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J Biochem Mol Toxicol. 2018 Nov 1:e22256. doi: 10.1002/jbt.22256. [Epub ahead of print]

Modulation of gastric acid secretion by cannabinoids in rats.

Author information

1
Toxicology and Narcotics Department, National Research Center (NRC), Cairo, Egypt.
2
Pharmacology and Toxicology Department, Faculty of Pharmacy, Cairo University, Cairo, Egypt.
3
Medical Biochemistry Department, National Research Center (NRC), Cairo, Egypt.
4
Clinical Pathology Department, National Research Center (NRC), Cairo, Egypt.

Abstract

The current study aimed to evaluate the role of cannabinoid receptors in the regulation of gastric acid secretion and oxidative stress in gastric mucosa. To fulfill this aim, gastric acid secretion stimulated with histamine (5 mg/kg, subcutaneous [SC]), 2-deoxy- d-glucose (D-G) (200 mg/kg, intravenous) or -carbachol (4 μg/kg, SC) in the 4-hour pylorus-ligated rats. The CB1R agonist ( N-arachidonoyl dopamine, 1 mg/kg, SC) inhibited gastric acid secretion stimulated by D-G and carbachol but not in histamine, reduced pepsin content, and increased mucin secretion. Furthermore, it decreased malondialdehyde (MDA) and nitric oxide (NO) contents with an increase in glutathione (GSH) and paraoxonase 1 (PON-1). Meanwhile, CB2R antagonist (AM630, 1 mg/kg, SC) inhibited gastric acid secretion stimulated by D-G and reduced MDA and NO contents with an increase in GSH and PON-1. Meanwhile, CB1R antagonist rimonabant or CB2R agonist GW 405833 had no effect on stimulated gastric acid secretion. Therefore, both CB1R agonist and CB2R antagonist may exert antisecretory and antioxidant potential in the stomach.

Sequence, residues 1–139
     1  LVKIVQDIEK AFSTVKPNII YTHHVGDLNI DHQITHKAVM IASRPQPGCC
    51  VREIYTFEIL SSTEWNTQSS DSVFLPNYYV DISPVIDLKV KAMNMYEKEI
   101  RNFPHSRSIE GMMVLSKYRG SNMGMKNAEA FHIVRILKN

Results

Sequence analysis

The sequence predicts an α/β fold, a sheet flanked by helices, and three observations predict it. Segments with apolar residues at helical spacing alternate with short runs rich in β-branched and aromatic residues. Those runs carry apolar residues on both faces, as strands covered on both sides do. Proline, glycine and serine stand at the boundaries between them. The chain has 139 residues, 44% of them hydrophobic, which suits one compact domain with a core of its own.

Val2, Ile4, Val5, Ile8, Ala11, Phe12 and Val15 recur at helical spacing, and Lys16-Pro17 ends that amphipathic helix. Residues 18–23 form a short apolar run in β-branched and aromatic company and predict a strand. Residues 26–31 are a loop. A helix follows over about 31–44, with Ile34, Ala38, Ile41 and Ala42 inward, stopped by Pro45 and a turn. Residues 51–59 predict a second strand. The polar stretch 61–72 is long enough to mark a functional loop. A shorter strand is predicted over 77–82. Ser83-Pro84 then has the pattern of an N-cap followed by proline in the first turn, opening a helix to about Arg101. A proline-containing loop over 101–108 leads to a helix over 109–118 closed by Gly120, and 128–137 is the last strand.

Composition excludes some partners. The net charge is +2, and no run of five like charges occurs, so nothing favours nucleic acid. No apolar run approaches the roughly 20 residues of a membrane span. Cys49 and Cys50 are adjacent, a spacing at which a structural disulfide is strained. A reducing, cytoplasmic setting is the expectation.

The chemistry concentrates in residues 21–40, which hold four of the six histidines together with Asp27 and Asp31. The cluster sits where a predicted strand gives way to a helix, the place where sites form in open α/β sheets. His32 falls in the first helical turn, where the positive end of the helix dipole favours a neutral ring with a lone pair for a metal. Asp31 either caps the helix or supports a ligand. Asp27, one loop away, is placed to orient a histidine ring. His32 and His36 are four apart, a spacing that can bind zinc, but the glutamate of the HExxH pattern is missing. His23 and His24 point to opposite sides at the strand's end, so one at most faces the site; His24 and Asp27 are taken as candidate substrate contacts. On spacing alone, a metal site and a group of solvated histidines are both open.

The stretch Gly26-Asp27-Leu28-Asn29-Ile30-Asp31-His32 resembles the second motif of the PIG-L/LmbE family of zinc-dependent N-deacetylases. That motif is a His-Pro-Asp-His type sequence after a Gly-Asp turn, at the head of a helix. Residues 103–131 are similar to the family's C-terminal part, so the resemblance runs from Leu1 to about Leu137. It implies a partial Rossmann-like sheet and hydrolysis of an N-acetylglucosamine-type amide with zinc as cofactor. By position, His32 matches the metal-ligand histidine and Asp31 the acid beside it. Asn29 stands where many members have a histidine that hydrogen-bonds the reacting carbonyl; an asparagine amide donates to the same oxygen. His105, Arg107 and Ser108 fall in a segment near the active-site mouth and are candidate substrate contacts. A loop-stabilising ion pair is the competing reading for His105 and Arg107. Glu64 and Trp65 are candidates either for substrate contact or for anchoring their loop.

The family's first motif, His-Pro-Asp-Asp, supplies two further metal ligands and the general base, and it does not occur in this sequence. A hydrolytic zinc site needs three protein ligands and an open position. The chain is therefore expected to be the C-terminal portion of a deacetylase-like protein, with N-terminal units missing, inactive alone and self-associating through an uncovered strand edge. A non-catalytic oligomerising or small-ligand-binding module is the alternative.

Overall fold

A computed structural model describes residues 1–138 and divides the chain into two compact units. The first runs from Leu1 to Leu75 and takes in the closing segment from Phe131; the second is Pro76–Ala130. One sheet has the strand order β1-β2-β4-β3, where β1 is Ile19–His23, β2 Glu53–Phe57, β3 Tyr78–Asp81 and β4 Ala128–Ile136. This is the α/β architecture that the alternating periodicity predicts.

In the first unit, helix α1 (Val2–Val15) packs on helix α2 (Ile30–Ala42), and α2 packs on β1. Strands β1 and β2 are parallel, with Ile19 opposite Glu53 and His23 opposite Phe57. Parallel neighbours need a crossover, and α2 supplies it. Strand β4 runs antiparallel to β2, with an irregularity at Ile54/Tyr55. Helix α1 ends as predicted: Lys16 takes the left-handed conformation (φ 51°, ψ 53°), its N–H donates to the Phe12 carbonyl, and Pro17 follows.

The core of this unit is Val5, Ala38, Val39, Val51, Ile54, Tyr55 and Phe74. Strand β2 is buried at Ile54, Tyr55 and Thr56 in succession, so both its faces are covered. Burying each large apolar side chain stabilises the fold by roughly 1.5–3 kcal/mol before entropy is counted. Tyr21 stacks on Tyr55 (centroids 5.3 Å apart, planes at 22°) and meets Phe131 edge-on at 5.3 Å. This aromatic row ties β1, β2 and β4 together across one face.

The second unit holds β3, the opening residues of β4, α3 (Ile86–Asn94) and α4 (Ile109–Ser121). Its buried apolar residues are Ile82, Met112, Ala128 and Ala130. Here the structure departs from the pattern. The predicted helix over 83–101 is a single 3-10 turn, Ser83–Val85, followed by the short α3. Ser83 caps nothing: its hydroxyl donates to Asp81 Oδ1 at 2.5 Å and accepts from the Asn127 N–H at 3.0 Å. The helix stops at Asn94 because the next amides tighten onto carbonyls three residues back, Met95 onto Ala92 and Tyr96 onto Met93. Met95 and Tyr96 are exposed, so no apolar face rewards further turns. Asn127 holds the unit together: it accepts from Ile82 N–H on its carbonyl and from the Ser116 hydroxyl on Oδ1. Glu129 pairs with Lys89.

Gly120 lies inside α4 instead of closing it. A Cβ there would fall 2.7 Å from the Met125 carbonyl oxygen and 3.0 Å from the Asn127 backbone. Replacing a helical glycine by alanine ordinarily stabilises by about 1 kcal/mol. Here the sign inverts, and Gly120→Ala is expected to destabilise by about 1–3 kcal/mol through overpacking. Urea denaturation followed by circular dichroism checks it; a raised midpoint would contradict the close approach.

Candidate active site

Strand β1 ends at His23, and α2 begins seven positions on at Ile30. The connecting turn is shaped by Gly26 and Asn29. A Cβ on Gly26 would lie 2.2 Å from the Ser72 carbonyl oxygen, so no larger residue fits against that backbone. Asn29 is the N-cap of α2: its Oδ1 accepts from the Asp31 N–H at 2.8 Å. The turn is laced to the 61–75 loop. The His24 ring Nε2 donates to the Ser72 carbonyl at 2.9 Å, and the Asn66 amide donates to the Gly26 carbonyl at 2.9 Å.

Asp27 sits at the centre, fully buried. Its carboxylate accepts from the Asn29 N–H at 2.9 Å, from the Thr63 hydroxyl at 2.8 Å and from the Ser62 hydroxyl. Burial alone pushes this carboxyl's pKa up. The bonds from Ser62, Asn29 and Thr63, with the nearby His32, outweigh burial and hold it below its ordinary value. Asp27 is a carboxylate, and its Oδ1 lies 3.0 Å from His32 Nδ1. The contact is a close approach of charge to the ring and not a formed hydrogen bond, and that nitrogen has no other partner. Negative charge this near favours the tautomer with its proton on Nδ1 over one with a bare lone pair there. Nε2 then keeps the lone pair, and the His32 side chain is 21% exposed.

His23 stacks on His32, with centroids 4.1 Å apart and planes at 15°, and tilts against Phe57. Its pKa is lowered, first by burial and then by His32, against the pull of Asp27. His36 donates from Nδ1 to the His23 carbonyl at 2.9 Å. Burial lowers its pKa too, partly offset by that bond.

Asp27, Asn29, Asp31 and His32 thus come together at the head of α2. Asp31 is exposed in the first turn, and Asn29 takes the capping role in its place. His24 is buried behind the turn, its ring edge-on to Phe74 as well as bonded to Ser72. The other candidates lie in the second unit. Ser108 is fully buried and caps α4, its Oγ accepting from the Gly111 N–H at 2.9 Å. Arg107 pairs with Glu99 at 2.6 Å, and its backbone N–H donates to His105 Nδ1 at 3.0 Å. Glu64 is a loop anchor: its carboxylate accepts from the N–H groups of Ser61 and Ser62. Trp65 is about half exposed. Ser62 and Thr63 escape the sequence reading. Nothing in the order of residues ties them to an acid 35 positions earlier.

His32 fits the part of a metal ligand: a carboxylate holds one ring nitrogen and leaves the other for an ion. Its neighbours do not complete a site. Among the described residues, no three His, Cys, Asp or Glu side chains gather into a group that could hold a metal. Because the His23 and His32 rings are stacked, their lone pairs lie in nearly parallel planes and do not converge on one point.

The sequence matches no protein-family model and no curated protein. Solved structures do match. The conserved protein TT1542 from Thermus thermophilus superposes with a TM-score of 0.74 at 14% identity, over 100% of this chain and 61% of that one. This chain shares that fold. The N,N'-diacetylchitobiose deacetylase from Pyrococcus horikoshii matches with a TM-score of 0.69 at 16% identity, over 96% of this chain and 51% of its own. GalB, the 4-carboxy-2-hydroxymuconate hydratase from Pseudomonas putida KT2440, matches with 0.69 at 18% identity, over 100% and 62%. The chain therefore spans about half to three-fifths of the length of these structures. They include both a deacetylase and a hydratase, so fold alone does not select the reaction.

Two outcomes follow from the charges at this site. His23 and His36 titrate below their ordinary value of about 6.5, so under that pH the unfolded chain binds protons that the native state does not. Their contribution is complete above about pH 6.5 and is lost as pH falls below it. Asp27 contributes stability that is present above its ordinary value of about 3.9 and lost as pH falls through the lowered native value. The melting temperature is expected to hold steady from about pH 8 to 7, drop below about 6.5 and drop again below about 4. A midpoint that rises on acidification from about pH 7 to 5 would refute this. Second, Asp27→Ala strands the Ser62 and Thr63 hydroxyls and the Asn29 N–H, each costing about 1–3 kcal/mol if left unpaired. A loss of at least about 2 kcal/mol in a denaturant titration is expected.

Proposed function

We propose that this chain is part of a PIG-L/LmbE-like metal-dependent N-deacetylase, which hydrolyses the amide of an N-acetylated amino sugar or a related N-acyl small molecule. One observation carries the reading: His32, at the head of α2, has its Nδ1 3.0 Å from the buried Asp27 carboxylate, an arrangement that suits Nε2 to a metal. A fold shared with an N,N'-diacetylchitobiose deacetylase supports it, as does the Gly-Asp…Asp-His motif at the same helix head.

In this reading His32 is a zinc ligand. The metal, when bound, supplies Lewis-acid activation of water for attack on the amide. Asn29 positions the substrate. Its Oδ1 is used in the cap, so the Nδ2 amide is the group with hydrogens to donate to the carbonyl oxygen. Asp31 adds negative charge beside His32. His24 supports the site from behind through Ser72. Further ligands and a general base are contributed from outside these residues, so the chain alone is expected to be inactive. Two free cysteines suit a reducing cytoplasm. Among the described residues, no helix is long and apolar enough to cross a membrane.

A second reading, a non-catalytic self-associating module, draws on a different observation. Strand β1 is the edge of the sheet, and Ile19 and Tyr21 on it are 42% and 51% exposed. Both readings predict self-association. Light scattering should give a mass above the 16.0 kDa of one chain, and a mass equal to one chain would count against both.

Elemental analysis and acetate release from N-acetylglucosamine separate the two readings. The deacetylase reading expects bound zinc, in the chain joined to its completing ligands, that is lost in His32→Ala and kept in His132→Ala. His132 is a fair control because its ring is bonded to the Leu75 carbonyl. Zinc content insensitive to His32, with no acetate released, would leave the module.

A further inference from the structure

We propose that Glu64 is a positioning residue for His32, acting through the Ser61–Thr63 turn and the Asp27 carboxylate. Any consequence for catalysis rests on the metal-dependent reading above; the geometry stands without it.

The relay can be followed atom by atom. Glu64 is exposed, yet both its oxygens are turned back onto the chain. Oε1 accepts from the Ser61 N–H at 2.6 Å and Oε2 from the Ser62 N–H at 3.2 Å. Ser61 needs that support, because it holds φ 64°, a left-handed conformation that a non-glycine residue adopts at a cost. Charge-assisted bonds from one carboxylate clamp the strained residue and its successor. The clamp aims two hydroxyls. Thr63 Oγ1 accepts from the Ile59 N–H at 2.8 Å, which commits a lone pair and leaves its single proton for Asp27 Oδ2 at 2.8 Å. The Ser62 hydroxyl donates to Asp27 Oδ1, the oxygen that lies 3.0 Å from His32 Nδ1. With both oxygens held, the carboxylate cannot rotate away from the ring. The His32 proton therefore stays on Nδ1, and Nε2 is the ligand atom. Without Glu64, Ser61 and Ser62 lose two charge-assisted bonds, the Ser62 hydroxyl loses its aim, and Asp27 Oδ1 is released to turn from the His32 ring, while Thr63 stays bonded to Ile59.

KEYWORDS:

cannabinoid receptors; carbachol; gastric acid; histamine; rats

PMID:
30381869
DOI:
10.1002/jbt.22256

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